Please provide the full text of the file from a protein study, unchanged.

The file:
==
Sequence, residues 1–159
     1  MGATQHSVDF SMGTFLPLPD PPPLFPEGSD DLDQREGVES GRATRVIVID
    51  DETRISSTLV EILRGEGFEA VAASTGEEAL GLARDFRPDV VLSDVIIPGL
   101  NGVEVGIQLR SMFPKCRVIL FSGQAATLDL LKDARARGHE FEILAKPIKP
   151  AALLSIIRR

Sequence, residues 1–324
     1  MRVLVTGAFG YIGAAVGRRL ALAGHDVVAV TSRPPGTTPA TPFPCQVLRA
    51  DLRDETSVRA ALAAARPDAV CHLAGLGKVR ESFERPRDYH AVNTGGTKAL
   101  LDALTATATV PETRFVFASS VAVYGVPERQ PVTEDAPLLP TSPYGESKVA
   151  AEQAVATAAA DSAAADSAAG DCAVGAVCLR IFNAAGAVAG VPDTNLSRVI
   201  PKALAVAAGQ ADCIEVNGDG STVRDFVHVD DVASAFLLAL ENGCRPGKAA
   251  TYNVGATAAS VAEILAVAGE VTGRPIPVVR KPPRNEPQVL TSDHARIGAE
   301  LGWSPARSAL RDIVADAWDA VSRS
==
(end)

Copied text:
Sequence, residues 1–159
     1  MGATQHSVDF SMGTFLPLPD PPPLFPEGSD DLDQREGVES GRATRVIVID
    51  DETRISSTLV EILRGEGFEA VAASTGEEAL GLARDFRPDV VLSDVIIPGL
   101  NGVEVGIQLR SMFPKCRVIL FSGQAATLDL LKDARARGHE FEILAKPIKP
   151  AALLSIIRR

Sequence, residues 1–324
     1  MRVLVTGAFG YIGAAVGRRL ALAGHDVVAV TSRPPGTTPA TPFPCQVLRA
    51  DLRDETSVRA ALAAARPDAV CHLAGLGKVR ESFERPRDYH AVNTGGTKAL
   101  LDALTATATV PETRFVFASS VAVYGVPERQ PVTEDAPLLP TSPYGESKVA
   151  AEQAVATAAA DSAAADSAAG DCAVGAVCLR IFNAAGAVAG VPDTNLSRVI
   201  PKALAVAAGQ ADCIEVNGDG STVRDFVHVD DVASAFLLAL ENGCRPGKAA
   251  TYNVGATAAS VAEILAVAGE VTGRPIPVVR KPPRNEPQVL TSDHARIGAE
   301  LGWSPARSAL RDIVADAWDA VSRS